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So, I have plantar fasciitis. Since January, my heel has been killing me. I have worn heels my whole life. I am short. I like heels. I like shoes in general. I have always been okay with a little foot pain if the shoes were cute enough. But I was on my feet a lot in the library and figured flats would be better for me at work this winter. But I went to flats that were cute instead of flats with great support. So I got plantar fasciitis. It started in January and I diagnosed myself. I figured I could take care of it and fix it myself with all of the Internet resources available. I bought my first pair of Danskos and figured I'd be better for spring shoes.
But it got worse. It has gotten to the point that I can't take a walk outside and I actually wear running shoes (or custom orthotics in my Danskos) to work with dress pants. A good look, I know.
So, I finally started physical therapy last week. The therapist was very nice and smart and, as always, I was amazed at the expertise that he had about such a specific issue. On my first visit, he asked me what my goal was for physical therapy. My answer was immediately, "To wear cute shoes again." He was not amused and said, "I am not going to write that down" and looked at me waiting for another response. So I said, "To exercise without pain" to which he smiled and then wrote it on my chart. The rest of the session went fine and I am on an exercise schedule. I hope to be back in cute shoes in 2 months.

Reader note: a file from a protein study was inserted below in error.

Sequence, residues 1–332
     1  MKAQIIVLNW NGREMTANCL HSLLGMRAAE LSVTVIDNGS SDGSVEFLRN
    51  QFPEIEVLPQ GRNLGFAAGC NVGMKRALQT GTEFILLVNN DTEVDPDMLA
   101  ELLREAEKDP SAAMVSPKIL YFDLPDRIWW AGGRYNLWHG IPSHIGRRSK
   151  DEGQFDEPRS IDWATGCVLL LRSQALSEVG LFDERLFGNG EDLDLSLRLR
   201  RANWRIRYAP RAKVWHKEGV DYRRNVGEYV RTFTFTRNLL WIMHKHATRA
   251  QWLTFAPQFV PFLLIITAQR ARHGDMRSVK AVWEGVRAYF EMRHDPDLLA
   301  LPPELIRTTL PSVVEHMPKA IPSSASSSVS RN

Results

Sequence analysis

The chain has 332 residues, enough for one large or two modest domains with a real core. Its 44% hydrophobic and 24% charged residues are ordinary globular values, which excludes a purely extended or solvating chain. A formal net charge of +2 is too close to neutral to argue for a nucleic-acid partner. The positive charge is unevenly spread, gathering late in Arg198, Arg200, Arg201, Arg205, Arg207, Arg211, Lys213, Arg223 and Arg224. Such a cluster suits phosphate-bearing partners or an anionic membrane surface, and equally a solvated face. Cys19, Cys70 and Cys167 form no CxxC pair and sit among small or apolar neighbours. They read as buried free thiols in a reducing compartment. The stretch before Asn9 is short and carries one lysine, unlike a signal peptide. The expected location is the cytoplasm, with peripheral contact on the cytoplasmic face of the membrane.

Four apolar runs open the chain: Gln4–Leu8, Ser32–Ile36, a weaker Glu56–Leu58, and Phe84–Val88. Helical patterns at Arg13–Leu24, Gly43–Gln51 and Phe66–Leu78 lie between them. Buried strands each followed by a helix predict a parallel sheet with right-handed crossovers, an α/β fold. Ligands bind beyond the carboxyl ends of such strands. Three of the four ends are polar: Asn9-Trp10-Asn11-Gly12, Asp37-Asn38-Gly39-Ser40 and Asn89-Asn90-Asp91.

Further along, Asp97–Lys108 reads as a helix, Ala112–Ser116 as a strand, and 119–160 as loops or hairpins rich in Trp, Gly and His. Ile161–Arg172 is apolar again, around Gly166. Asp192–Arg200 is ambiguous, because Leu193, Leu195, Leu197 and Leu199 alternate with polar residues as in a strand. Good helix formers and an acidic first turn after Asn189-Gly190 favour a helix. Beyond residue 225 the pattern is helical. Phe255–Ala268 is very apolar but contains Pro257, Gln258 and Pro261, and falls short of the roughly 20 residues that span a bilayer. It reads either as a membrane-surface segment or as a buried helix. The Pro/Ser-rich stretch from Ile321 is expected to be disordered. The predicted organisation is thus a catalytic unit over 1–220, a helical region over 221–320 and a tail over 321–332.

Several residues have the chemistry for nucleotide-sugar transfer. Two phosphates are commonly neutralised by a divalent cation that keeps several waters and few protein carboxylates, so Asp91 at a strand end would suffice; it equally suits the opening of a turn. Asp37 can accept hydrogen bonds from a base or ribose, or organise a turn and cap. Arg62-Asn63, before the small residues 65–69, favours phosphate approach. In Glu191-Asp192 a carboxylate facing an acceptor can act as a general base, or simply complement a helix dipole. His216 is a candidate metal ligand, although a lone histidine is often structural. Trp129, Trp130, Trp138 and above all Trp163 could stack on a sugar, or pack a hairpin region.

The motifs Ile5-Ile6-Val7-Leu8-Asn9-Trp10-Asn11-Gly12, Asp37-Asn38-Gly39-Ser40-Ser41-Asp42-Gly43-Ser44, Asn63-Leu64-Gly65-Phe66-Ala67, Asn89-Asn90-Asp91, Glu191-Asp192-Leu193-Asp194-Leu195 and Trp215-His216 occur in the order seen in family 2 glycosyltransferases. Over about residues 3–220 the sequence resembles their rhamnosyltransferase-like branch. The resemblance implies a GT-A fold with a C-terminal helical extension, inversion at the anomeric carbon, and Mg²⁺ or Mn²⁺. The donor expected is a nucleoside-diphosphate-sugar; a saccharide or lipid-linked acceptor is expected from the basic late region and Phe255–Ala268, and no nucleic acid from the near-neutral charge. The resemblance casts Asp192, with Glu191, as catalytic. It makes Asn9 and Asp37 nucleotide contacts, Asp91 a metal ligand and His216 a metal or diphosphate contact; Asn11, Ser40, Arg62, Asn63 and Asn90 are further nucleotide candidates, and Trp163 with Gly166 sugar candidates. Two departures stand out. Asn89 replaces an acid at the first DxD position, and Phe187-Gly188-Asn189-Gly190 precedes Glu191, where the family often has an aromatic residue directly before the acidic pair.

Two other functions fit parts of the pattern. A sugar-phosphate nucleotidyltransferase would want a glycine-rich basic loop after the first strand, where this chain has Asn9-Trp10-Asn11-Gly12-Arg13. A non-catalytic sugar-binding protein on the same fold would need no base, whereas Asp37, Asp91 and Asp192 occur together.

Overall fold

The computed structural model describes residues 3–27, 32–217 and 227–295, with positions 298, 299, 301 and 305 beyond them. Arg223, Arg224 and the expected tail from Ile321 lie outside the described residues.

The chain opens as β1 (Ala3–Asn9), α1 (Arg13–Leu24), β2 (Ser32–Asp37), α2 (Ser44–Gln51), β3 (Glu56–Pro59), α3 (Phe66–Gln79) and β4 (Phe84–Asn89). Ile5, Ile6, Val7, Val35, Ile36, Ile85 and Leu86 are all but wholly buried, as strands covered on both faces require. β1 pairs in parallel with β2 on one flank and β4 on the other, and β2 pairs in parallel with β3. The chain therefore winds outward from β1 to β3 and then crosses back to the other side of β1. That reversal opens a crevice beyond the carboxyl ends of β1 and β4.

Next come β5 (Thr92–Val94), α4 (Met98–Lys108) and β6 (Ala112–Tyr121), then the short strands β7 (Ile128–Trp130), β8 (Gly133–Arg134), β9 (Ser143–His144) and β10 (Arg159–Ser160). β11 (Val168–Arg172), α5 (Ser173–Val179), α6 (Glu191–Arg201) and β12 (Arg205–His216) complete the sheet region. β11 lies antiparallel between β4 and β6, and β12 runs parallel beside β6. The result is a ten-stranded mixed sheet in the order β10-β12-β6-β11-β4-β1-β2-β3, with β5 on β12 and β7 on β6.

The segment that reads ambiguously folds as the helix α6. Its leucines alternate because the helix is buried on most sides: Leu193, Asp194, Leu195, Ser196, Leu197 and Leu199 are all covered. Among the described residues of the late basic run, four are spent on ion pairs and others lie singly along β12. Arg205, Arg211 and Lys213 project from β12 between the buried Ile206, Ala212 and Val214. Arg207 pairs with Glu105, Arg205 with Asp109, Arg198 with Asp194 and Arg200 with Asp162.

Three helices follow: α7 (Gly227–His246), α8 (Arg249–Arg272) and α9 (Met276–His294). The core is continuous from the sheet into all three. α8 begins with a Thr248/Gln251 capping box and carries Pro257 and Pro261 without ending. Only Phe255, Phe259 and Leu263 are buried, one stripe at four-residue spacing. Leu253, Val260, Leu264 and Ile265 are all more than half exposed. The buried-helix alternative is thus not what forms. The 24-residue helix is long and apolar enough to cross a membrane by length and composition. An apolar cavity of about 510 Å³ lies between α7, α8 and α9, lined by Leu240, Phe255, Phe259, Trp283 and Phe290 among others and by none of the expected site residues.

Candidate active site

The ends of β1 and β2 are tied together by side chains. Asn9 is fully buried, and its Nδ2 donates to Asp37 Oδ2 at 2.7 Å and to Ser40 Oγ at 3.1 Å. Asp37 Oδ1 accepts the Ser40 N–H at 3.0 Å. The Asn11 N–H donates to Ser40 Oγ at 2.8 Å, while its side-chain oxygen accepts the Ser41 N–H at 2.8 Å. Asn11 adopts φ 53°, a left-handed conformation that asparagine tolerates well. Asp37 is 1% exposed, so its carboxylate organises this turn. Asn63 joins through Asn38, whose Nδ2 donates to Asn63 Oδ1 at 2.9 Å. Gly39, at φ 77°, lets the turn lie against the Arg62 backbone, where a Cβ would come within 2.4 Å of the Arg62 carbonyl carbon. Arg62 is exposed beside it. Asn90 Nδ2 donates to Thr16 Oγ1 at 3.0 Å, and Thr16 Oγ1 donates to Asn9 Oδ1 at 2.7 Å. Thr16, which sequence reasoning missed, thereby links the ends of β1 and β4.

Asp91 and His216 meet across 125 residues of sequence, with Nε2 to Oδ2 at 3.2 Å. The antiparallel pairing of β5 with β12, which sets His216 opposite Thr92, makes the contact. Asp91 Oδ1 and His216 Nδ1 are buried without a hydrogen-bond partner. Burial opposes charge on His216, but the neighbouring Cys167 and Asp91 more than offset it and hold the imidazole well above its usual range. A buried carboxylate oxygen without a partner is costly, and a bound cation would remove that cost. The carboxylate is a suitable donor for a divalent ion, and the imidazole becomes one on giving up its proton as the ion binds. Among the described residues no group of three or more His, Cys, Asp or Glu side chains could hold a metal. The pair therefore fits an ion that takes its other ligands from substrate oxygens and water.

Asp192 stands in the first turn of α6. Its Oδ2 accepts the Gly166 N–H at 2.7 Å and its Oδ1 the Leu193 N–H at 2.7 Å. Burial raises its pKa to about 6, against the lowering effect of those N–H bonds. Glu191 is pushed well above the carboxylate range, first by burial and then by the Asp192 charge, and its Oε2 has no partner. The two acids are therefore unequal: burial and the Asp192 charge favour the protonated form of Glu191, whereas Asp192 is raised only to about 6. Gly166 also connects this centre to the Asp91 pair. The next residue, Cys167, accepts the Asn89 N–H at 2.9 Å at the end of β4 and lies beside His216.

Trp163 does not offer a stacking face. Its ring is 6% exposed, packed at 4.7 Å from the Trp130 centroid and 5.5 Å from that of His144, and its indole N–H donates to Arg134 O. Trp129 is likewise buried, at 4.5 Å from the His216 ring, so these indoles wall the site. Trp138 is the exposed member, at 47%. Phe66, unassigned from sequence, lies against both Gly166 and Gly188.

But I can't stop thinking about this conversation and whether or not we, as teachers, really let our students own their learning and whether I always value their true goals as readers. Really, I do want to exercise without pain. But, just as much, I want to get back to cute shoes. Even though my goal did not qualify "to be written down", it is my goal. But I knew how to play the game and what the therapist wanted to hear, so I went with that and he was happy with my acceptable goal. So, we could move on.
This was a quick conversation but it has stayed with me. Student ownership of learning and authentic goal setting have alway been important to our classroom conversations as readers. Now, I think I will be more aware of my reaction to student goals that do not match my own goals for them--Do I give students the message that their "trivial" goal isn't worth writing down? Do they play the game of school so well that they know what I want them to say and just say it even if it isn't true? We'll see.